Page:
Consolidating Your Practice Offer and Revenues with Platelet Rich Plasma
Platelet Rich Plasma (PRP) sometimes referred to as Autologous (using patient’s own blood) is exactly that, a component harvested from someone’s blood whereby a high number of platelets are concentrated. Blood is made up of red blood cells, white blood cells, plasma and platelets. Platelets are known to aid in the healing process of all wounds and therefore the regeneration of cells. New data show that platelets release large doses of bioactive proteins, known as growth factors responsible for attracting macrophages, mesenchymal stem cells and osteoblasts which promote the removal of necrotic tissue and enhance tissue regeneration and repair.
The PRP procedure is relatively quick. To develop a PRP preparation, 17 cc of the patient’s blood is drawn, then placed into our kits and then into a FDA cleared centrifuge device which is then spun at 1300 RCF 9 minutes (approx 2700 RPM). The centrifuge is used to separate the PRP from PPP and RBC components. After the blood has been separated and extracted into a syringe, the physician will then inject the concentrated PRP into the site of the patient’s injury. The PRP injection takes less than 1 hour including the preparation and recovery time. Dependent upon the injury location and severity, as well as the varied response from patient to patient, the number of injections recommended may vary from a single injection up to 3–5 treatments. However, since PRP is regenerative and autologous, there is no limit on the number of treatments.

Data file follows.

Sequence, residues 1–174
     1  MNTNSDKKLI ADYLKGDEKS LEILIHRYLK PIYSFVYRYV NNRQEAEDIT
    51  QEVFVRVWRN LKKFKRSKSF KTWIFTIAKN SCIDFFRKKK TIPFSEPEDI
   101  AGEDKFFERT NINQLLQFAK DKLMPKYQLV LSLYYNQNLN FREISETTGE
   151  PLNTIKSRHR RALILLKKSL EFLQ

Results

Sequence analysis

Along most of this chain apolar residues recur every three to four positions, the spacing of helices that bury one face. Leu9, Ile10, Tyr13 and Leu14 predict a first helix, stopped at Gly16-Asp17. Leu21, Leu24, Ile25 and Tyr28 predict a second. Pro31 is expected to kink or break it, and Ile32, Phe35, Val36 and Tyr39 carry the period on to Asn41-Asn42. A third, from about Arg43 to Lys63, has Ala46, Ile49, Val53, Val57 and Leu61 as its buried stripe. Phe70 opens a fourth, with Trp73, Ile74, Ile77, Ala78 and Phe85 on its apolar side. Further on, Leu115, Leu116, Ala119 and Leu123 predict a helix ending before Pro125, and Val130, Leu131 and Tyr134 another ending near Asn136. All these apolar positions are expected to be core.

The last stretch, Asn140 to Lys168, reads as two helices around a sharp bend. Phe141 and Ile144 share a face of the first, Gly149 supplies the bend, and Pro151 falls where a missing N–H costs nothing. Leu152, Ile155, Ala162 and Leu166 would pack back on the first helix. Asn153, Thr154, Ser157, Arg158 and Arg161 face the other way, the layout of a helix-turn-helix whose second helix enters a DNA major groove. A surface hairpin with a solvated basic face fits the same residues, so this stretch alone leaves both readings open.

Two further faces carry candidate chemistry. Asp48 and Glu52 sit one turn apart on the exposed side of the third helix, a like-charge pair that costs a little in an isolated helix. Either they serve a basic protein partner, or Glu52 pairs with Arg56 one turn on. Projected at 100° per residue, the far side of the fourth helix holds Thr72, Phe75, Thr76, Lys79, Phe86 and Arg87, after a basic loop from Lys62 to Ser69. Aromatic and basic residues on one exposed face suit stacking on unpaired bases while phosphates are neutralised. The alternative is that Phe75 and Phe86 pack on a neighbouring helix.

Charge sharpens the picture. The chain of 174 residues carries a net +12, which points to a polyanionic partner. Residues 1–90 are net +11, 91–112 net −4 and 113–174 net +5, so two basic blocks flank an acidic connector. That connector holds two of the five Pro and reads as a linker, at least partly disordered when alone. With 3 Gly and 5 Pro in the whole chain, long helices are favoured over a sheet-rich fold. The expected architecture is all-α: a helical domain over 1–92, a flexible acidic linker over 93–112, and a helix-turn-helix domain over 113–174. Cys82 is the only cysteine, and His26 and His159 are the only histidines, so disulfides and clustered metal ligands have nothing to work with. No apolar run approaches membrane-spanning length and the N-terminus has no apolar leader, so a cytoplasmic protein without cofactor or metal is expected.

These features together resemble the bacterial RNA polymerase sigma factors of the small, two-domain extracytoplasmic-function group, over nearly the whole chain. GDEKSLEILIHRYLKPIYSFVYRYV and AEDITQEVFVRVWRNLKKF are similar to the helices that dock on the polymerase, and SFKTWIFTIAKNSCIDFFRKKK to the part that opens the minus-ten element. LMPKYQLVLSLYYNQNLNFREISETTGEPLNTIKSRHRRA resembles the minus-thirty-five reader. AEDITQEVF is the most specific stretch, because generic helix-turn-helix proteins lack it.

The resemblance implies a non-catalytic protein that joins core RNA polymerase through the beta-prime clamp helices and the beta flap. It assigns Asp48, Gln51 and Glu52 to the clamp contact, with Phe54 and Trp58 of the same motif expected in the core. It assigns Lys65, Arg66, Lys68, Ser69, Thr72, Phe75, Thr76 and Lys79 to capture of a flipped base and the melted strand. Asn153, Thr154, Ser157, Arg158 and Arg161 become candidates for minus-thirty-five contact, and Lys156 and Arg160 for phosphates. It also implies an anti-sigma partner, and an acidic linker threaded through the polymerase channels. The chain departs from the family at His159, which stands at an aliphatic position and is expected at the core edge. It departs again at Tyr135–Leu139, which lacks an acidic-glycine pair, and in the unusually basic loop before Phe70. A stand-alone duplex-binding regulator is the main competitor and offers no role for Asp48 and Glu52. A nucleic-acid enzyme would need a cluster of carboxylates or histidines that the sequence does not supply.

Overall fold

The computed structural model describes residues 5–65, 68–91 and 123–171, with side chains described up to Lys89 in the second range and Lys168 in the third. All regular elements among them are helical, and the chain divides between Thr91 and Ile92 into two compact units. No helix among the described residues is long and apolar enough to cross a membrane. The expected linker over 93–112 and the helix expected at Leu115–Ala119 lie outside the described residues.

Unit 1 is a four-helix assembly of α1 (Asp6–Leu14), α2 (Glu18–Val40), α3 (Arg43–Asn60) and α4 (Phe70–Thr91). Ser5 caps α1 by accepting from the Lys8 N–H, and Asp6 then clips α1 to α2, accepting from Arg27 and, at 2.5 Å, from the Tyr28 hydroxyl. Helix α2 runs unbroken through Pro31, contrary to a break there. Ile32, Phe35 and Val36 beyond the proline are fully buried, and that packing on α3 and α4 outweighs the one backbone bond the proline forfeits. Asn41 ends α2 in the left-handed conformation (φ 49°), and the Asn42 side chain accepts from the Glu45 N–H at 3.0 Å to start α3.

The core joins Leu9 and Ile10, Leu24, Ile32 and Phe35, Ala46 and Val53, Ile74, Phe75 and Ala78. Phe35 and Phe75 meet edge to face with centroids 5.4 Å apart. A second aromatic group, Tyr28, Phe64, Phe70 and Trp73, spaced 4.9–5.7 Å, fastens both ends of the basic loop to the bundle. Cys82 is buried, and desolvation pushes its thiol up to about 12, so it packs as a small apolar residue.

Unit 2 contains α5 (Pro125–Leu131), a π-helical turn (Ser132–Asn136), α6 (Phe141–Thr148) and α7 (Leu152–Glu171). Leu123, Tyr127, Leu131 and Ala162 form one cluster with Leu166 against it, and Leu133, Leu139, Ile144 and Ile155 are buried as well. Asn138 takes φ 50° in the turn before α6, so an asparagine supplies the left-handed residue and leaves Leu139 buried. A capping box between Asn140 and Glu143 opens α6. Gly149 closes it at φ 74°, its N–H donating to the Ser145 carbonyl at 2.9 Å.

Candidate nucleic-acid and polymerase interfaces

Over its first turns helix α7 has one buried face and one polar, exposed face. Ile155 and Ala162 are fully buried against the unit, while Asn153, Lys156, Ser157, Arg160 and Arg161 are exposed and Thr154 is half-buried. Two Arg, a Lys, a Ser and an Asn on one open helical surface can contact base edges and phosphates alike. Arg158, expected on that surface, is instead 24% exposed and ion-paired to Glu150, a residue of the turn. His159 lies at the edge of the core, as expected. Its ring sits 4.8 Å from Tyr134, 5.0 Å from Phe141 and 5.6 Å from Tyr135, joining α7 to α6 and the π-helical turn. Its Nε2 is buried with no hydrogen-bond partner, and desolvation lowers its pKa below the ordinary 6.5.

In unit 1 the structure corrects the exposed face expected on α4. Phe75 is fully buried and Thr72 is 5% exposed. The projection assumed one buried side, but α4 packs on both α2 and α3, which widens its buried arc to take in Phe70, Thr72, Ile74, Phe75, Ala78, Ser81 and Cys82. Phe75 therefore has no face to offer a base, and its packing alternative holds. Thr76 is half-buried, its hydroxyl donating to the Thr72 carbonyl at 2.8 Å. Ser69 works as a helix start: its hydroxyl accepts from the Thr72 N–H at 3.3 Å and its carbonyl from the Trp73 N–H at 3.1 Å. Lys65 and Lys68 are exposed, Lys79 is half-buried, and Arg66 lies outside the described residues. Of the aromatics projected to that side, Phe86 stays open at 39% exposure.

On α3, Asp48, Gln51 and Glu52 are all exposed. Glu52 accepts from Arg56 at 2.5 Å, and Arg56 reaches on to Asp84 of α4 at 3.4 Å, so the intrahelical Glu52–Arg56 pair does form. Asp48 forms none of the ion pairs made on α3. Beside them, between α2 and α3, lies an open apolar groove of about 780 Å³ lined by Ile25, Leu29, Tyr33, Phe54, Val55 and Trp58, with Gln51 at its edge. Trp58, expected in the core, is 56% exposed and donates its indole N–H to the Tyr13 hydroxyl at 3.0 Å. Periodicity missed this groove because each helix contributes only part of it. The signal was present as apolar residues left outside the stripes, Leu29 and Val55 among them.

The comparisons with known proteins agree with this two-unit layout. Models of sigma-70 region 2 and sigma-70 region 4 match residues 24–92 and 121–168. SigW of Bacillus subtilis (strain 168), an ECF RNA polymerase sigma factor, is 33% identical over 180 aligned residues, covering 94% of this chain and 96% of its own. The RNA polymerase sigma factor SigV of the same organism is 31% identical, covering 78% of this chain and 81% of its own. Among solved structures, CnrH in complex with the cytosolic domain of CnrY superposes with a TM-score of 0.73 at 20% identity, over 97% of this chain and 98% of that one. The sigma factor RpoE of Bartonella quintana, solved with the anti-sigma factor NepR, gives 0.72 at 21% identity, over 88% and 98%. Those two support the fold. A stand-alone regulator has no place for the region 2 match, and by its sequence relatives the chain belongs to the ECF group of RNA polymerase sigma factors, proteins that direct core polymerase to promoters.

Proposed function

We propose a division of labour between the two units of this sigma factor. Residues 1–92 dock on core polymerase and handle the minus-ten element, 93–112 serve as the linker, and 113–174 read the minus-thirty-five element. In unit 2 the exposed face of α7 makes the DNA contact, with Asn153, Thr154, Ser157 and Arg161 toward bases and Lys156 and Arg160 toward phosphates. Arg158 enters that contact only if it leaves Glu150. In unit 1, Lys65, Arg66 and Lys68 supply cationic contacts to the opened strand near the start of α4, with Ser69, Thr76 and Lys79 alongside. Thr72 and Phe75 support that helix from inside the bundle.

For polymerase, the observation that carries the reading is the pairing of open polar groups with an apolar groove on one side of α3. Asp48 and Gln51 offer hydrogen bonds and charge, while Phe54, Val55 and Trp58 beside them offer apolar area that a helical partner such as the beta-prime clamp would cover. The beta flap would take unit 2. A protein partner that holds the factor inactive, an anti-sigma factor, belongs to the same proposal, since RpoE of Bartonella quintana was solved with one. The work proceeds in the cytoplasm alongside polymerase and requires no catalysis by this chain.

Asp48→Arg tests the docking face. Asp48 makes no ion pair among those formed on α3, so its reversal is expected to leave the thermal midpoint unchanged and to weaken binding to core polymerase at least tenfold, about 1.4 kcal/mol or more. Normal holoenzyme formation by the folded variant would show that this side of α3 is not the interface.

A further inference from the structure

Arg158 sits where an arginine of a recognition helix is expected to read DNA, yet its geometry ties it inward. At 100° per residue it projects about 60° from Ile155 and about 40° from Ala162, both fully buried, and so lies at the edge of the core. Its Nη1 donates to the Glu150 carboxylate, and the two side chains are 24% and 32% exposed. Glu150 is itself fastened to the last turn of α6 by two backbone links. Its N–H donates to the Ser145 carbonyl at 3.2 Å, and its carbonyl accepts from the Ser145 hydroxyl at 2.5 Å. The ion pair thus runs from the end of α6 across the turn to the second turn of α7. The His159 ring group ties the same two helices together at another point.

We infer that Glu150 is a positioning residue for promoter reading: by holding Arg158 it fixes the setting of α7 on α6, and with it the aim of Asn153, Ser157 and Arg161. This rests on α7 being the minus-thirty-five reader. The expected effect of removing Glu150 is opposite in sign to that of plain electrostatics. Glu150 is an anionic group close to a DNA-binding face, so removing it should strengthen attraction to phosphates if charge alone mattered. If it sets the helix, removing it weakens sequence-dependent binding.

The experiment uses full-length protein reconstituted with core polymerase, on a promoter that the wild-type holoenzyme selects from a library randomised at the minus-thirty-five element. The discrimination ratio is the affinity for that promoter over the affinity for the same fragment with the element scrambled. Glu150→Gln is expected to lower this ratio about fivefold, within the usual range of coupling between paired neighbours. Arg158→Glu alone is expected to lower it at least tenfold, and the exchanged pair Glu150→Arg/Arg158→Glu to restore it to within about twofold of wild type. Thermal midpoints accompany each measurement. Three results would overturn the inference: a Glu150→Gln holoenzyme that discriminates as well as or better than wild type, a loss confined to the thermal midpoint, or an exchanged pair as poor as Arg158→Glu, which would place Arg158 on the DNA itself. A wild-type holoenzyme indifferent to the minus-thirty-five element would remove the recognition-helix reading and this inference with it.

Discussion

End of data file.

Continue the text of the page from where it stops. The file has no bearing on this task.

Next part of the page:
Doctors have used PRP therapy since the mid-1990s to aid bone healing after spinal injury and soft tissue recovery following plastic surgery, it has only been in the past few years that the treatment has caught on for treatment of sports-related injuries. “PRP treatment really gained speed January 2009. It got press that two of the Pittsburgh Steelers [Hines Ward and Troy Polamalu] used it before [winning] the Super Bowl. More and more patients started to ask about it,” says Dennis A. Cardone, a doctor of osteopathic medicine at the New York University (N.Y.U.) Hospital for Joint Diseases. Cardone has treated 30 amateur athletes with PRP therapy over the past year.
Many of the athletes may have a type of tendonitis, [such as] Achilles tendonitis or, say, patellar tendonitis in the knee or tennis elbow. Many of these tendon injuries become chronic, and involve microscopic tearing of the tendon and formation of scar tissue. A reason why it’s difficult to heal these tendon injuries is related to poor blood supply to the region. The perfect example would be the Achilles. It’s a tendon with, in general, a poor blood supply, so when there are these microscopic tears or chronic scarring, the body has a difficult time healing it. The theory is that the body can’t on its own get enough of these healing or growth factors to the area, but now this concentrated platelet injected there just enhances the nutrients and growth factors to allow the body to heal it.Consolidating Your Practice Offer and Revenues with Platelet Rich Plasma
If you currently are not offering PRP to your patients then there is no better time than now to get started. For more information on this and other Ancillary Medical Solutions, contact us and we will have one of our Certified Ancillary Consultants contact you.